Jack-o-lanterns born from the Irish folk tales of “Stingy Jack”

by KATE EVANS

The tradition of making jack-o-lanterns at Halloween is centuries old and goes back to an Irish legend about a thieving con man known as “Stingy Jack.”

One version of the story says that Jack was being chased by village people after he stole some things and that the devil appeared to him and told him it was time to die. Stingy Jack tricked the devil into turning into a coin that would pay for the stolen items but the coin wound up in Jack’s wallet beside a cross. Jack trapped the devil in his wallet and held the devil there without his powers.

Another version of the tale has Stingy Jack convincing the devil to turn himself into a coin so he could pay for their drinks at a pub. Jack decides to keep the coin and puts it in his pocket next to a silver cross, which keeps the devil from returning to his original form.

A third version has Stingy Jack enticing the devil to climb an apple tree to pick some fruit. Jack places crosses around the trunk of the tree or carves a cross into its bark so the devil can’t get down.

In all of the stories Stingy Jack lets the devil go after he agrees to never take Jack’s soul. When Jack dies years later, heaven won’t take him because he was evil and thieving.  Hell won’t have him either because the devil was angry at all the times Stingy Jack tricked him.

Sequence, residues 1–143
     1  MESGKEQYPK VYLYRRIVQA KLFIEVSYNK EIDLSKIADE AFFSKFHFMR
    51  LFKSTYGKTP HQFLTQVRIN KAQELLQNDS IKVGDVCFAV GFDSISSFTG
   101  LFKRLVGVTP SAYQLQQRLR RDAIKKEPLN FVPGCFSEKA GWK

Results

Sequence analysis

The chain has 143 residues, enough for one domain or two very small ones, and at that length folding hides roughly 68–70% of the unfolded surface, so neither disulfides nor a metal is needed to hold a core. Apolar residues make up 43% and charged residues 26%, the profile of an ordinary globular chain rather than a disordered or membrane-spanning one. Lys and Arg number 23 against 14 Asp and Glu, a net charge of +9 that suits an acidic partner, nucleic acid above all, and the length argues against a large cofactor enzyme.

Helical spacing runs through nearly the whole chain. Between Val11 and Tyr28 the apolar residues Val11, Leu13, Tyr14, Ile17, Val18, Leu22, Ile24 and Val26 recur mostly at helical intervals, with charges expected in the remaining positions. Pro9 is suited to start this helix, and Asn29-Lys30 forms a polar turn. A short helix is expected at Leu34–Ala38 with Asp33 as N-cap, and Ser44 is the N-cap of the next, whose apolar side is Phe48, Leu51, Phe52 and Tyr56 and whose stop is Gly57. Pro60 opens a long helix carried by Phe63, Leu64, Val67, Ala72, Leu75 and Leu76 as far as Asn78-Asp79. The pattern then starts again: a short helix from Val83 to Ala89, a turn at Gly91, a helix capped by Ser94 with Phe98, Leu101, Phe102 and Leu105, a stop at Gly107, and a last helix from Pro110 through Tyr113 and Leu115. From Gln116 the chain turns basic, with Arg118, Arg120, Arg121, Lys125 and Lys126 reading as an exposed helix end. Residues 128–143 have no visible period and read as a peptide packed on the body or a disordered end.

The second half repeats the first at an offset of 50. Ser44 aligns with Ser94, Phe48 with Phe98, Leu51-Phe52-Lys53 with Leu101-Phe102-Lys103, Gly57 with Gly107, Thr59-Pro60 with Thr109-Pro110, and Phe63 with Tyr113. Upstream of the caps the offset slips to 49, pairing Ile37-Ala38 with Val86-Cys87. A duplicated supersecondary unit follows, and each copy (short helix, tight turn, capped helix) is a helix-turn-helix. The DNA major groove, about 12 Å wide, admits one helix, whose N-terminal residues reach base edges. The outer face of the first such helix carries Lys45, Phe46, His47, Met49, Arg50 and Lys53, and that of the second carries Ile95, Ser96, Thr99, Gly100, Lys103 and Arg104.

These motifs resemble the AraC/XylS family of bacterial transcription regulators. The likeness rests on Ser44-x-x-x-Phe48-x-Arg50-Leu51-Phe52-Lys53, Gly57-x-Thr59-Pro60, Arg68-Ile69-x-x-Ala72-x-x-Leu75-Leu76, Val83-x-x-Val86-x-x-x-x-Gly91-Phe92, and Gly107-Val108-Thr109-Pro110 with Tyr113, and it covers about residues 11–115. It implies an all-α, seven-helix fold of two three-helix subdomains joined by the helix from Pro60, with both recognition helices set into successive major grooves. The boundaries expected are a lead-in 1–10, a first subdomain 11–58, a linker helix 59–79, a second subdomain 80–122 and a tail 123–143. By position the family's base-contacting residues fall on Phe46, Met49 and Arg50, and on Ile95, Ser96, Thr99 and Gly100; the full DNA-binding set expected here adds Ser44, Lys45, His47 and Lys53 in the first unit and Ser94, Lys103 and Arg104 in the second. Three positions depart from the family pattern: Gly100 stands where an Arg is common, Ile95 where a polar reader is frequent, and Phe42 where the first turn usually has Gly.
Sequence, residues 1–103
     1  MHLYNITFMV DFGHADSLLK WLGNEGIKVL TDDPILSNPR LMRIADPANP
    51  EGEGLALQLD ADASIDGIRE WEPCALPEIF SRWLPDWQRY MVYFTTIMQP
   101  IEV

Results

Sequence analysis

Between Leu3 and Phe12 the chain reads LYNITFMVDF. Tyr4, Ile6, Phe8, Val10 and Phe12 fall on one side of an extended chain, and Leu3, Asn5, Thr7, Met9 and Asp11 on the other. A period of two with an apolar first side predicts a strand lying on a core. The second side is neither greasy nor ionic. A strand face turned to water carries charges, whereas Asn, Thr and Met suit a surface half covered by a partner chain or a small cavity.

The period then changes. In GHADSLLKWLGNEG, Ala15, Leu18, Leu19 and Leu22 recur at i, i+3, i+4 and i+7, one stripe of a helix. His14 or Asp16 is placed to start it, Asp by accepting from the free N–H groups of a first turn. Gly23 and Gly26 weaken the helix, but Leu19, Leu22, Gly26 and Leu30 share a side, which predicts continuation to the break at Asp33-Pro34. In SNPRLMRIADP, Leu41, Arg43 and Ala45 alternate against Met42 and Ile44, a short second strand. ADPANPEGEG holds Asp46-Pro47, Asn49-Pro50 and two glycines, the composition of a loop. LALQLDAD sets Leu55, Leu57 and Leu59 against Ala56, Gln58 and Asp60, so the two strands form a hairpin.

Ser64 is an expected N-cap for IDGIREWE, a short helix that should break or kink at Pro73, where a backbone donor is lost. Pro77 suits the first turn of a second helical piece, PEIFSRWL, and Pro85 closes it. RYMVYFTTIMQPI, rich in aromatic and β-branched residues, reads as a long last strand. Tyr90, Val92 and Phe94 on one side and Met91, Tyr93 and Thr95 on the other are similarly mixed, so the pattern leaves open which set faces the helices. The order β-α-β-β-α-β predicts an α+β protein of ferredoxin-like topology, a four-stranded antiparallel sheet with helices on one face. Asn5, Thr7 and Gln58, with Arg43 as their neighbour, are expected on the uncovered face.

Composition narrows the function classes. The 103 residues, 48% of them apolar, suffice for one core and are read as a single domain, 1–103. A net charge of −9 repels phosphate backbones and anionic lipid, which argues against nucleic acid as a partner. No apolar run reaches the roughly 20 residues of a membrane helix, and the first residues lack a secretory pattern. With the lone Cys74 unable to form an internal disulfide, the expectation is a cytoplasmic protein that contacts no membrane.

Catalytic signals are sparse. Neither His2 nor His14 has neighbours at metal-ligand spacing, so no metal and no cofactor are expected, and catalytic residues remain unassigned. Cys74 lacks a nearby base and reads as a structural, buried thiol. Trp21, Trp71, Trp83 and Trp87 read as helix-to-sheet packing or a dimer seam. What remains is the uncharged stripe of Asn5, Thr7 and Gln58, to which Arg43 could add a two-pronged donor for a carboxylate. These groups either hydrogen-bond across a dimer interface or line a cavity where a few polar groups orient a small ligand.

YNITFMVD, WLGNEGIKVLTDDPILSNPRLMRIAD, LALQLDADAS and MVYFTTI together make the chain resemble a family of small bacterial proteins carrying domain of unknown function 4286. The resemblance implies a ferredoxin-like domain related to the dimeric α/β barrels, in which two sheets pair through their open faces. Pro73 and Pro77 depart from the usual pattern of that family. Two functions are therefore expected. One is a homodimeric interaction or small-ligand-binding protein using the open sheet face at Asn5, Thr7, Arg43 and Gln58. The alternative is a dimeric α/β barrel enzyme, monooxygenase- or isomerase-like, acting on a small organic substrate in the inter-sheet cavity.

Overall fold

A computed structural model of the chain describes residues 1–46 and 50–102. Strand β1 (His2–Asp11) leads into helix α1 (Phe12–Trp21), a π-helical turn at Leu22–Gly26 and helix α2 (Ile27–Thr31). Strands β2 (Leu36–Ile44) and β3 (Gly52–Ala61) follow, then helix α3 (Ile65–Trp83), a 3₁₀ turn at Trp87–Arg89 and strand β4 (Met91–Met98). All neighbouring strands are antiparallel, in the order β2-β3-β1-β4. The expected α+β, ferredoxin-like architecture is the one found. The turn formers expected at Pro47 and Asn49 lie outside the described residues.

Stingy Jack now has nowhere to go and no light to guide him in his travels in the afterlife.  The devil throws him a burning coal and Stingy Jack carves a hole in a turnip and inserts the coal to make a lantern.  He wanders the world forever looking for a place to rest.  In Ireland, Stingy Jack was called “Jack of the Lantern” and “Jack-o-lantern.”

October 31 in Ireland was originally the pagan feast of Samhain in Gaelic parts and later became Halloween.  On Samhain it was believed that the spirits of the dead roamed the earth.  Vegetables such as turnips and potatoes were carved with scary faces to frighten away evil spirits from homes.

In the British Isles people carved scary faces into potatoes, turnips and beets to frighten Stingy Jack and the other evil spirits away.  Immigrants brought the tradition with them to America.

When the Irish came to America they discovered the pumpkin and began carving faces on it. The pumpkin would be hollowed out with a round lid on its top and a candle inserted.  The lit jack-o-lanterns would be placed on windowsills on Halloween to keep Stingy Jack and other dark spirits away.

Washington Irving’s short story “The Legend of Sleepy Hollow,” was an early American ghost story that featured a terrifying headless horseman who chases schoolteacher Ichabod Crane after a party and hurls a pumpkin at him, throwing Crane from his horse.

In some adaptations, a smashed pumpkin was found on the ground beside Crane’s hat the morning after he allegedly encountered the horseman. In the story Crane was never seen again.

 

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